Reporters Without Borders was today forced to suspend broadcasting of Radio Non Grata, the pirate station it launched yesterday in the Geneva area to protest against its exclusion from the World Summit on the Information Society that began yesterday in Geneva.
"After being banned by the United Nations from speaking at the summit, we have now been forced off the air by the French authorities," Reporters Without Borders secretary-general Robert Ménard said.
"But, unless someone decides to censor the Internet as well, Radio Non Grata’s broadcasts can still be heard on our website," Ménard added.
At 1 p.m. today, three officials from France’s National Frequency Agency went to Ferney-Voltaire (in French territory, 8 km from Geneva) looking for Radio Non Grata’s transmitter, which was located in a rural area.
When they returned an hour later accompanied by gendarmes, Reporters Without Borders decided to stop broadcasting because of the threat that all of its equipment - a mobile transmitter and generator - would be seized.
The purpose of the broadcasts was to condemn the organisation’s exclusion from the summit and to publicise the violations of free expression on the Internet committed by many of the governments taking part.
Reporters Without Borders’ consultative status with the United Nations was suspended for a year on 24 July at Cuba’s request. At the inaugural session of the UN Commission on Human Rights in Geneva, Reporters Without Borders activists had protested against the choice of a representative of Col. Gaddafi’s regime to chair the commission.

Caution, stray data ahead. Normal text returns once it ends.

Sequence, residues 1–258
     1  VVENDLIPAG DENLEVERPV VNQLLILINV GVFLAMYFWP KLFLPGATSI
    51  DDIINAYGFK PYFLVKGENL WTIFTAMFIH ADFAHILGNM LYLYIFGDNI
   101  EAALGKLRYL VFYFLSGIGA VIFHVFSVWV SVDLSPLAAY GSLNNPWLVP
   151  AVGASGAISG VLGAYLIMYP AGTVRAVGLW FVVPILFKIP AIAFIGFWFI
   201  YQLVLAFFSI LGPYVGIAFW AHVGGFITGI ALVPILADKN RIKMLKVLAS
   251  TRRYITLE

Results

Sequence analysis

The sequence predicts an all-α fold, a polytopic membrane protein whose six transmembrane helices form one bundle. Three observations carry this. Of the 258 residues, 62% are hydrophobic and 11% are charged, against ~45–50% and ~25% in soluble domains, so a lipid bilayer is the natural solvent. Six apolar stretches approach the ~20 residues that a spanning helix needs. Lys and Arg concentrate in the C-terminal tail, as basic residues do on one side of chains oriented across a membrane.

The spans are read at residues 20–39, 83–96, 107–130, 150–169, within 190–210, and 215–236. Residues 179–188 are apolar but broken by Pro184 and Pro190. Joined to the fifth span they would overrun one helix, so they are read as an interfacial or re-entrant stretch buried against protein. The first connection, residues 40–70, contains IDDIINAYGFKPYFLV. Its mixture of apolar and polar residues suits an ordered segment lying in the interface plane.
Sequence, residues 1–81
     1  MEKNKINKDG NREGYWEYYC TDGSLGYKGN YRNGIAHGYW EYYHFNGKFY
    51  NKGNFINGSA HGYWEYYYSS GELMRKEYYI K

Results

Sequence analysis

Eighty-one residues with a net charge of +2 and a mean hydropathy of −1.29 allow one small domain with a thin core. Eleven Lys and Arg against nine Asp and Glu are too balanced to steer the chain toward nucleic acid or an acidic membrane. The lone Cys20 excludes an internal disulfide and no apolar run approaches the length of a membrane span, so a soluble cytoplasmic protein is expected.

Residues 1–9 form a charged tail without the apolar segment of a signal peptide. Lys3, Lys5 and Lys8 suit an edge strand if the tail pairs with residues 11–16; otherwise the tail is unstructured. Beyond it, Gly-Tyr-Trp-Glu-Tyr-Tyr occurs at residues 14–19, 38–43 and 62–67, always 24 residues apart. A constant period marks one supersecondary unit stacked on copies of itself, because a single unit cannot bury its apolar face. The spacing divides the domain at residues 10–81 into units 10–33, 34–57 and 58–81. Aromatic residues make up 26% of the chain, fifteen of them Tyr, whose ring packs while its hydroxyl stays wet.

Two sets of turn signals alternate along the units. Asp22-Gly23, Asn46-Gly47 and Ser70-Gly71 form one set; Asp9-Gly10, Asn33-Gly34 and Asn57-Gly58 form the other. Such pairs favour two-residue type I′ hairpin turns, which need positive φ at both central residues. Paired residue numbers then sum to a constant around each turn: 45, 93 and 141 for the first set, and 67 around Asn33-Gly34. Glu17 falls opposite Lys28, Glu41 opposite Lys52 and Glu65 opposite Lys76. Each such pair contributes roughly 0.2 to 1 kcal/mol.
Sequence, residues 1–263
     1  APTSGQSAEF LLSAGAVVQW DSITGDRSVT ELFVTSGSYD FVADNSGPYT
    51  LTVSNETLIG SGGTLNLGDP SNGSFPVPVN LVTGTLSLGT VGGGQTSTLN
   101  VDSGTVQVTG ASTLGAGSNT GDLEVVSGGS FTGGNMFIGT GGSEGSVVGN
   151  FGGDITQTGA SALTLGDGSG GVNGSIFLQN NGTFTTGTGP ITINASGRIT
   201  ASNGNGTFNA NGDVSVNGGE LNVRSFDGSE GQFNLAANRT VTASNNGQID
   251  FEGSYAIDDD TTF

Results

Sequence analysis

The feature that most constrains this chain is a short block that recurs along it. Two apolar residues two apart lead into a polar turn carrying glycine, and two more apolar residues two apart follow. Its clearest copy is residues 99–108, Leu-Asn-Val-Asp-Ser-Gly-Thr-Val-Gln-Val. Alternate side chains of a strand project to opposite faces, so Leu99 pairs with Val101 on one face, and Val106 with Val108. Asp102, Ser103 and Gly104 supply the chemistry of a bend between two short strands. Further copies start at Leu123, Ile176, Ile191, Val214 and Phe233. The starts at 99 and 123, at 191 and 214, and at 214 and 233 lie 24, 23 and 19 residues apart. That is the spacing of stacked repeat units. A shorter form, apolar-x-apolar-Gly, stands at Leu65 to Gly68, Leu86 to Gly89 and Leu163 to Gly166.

Radio Non Grata was broadcast in the Geneva area on 95.8 FM in English and French, carrying programmes especially tailored for the occasion. They included interviews with Ménard, former Agence France-Presse director Claude Moisy, the head of the Swiss branch of Reporters Without Borders, Gérald Sapey, and the co-authors of the book "The United Nations against human rights?" - Jean-Claude Buhrer and Claude Levenson.
Also interviewed were Patrice Mugny, administrative adviser for cultural affairs for the city of Geneva; Christian Ferrazino, mayor of Geneva; Stéphane Koch, the chairman of the Internet Society Geneva; and Pamela Taylor, a US journalist specialising in the media.
A Reporters Without Borders team was in Geneva to publicise Radio Non Grata. Its members handed out mini radios on which people could listen to the pirate radio, along with leaflets and posters with the message, "Don’t let them decide the future of the Internet."
More than 50 people are currently in prison for setting up independent online news sites that criticise governments, or just for visiting banned websites. Tunisia, China, Vietnam, Cuba and the Maldives are among the "predators" of freedom on the Internet, censoring hundreds of sites, intercepting e-mails, tracking down and jailing cyber-dissidents. Nonetheless, the leaders of these countries make a show of appearing at the World Summit on the Information Society.
Radio Non Grata can still be heard on the Reporters Without Borders website: [http://www.radionongrata.info/]